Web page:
At 17 years old, I took a job washing dishes at the local Pizza Hut restaurant just to earn some extra spending money. By age 18, I’d been promoted to general manager which was unique given my young age and the rarity of women in the workforce at that time. When college rolled around, Pizza Hut corporate generously provided tuition reimbursement so that I could stay with the company while attending college. Meanwhile, I climbed from general manager to multi-unit manager and ultimately to division training manager where I was responsible for training at over 400 restaurants.
I left Pizza Hut after 20 years and invested in a Papa John’s franchise. Over a four year period, I worked with a partner to open over 20 locations. I became a partner in a Panera Bread franchise and two years later, I finally found the position I’d been searching for – in 2013, I became director of operations for Chronic Tacos, a growing fast casual franchise that delivers true Mexican flavor with authentic third generation family recipes. After more than 30 years of being a businesswoman, I’ve learned a lot of lessons and acquired a vast understanding of how to position myself for success. One of the major things I learned early on was to not be afraid to ask for feedback. If you’re in an organization that does not conduct performance reviews or provide formal developmental coaching, you simply have to ask for it.
Often, supervisors do not realize they should be providing feedback on a regular basis and having the type of relationship where you can ask for feedback, support and guidance in your career is key to advancing. It can be difficult to ask about your strengths and areas for improvement, and sometimes even harder to accept the answers. From soliciting feedback, I’ve realized having someone not only offer constructive criticism, but also help me execute changes has been really helpful to advancing my professional portfolio.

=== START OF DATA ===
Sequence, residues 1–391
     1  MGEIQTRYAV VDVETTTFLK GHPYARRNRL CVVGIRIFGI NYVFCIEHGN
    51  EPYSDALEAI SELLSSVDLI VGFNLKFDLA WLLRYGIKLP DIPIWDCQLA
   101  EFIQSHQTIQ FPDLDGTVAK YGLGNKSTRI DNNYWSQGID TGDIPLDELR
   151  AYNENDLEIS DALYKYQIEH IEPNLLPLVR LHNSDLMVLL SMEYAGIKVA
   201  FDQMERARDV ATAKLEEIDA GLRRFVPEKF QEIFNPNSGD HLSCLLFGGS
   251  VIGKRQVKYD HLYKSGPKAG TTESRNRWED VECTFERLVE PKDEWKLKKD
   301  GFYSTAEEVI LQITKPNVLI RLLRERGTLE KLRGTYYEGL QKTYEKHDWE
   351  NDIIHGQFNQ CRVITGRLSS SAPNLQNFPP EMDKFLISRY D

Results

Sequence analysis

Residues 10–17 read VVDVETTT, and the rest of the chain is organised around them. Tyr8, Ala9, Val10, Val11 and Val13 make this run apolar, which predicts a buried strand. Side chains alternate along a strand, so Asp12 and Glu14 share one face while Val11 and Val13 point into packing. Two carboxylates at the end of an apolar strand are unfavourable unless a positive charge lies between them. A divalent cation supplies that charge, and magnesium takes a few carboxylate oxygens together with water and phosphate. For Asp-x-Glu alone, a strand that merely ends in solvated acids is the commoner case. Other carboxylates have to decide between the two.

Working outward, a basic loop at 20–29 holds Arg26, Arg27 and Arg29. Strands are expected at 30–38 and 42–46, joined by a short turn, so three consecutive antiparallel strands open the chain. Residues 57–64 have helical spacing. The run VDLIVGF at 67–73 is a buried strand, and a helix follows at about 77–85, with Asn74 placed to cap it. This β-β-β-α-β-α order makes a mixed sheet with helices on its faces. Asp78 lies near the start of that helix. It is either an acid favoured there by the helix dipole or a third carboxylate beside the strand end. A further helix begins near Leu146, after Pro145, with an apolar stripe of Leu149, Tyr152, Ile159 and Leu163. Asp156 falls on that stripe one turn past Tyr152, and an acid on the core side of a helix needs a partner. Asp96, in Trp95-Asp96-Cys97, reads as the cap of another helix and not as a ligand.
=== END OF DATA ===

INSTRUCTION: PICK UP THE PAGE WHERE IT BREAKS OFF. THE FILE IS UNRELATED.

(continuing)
Another key component I’ve grasped over the years is the importance of taking on new projects whenever possible. It may be as simple as participating in a task force or something grander like leading a team. When new opportunities arise, I first make sure I can work it into my schedule, and when I can, I’m usually the first to raise my hand. As a result, I always walk away with something useful I didn’t expect, such as insight into another department, a solution to an existing problem or just the chance to interact cross-functionally.
On the contrary, I’ve learned you should never agree to do something you can’t fully commit to as it may negatively impact others involved as well as your credibility. Additionally, as a female business professional, learning how to be viewed as an assertive versus aggressive leader can often become a challenge. In group settings, I try my best to think before I speak and also be more solution-focused while still making sure I have a voice. Starting a career with very few role models in the food service industry, we were never really taught it was acceptable to even participate in the conversation. We’d either come across like a deer caught in headlights or we’d just blend into the woodwork in predominantly male business settings. Having the confidence to know you have something of value to contribute takes practice, so it is important to build upon it by looking for opportunities in every interaction.
As a minority in the business world, women need to not only have someone in our corner, but also make sure to do the same for other women whether they are peers, supervisors or subordinates. When introducing a businesswoman to a colleague, I’ve learned it’s helpful to share something memorable to help the businesswoman stand out. Saying something like, “She’s earned the highest in sales so far this year,” or, “She developed three managers last year,” offers the other person details they may not have gotten otherwise and, in turn, provides a greater chance for the women being introduced to be remembered for future opportunities and networking.
Since I first joined the workforce, there has been much positive advancement in how businesswomen are viewed. Thankfully, we’ve now reached a point where the majority of workers understand that having a strong work ethic, intelligence and professionalism ultimately comes from personal characteristics and aspirations versus one’s gender. Thus, as long as we’re each doing our part to continue down ambitious paths, we can keep momentum going and position ourselves as role models for the next generation of female leaders.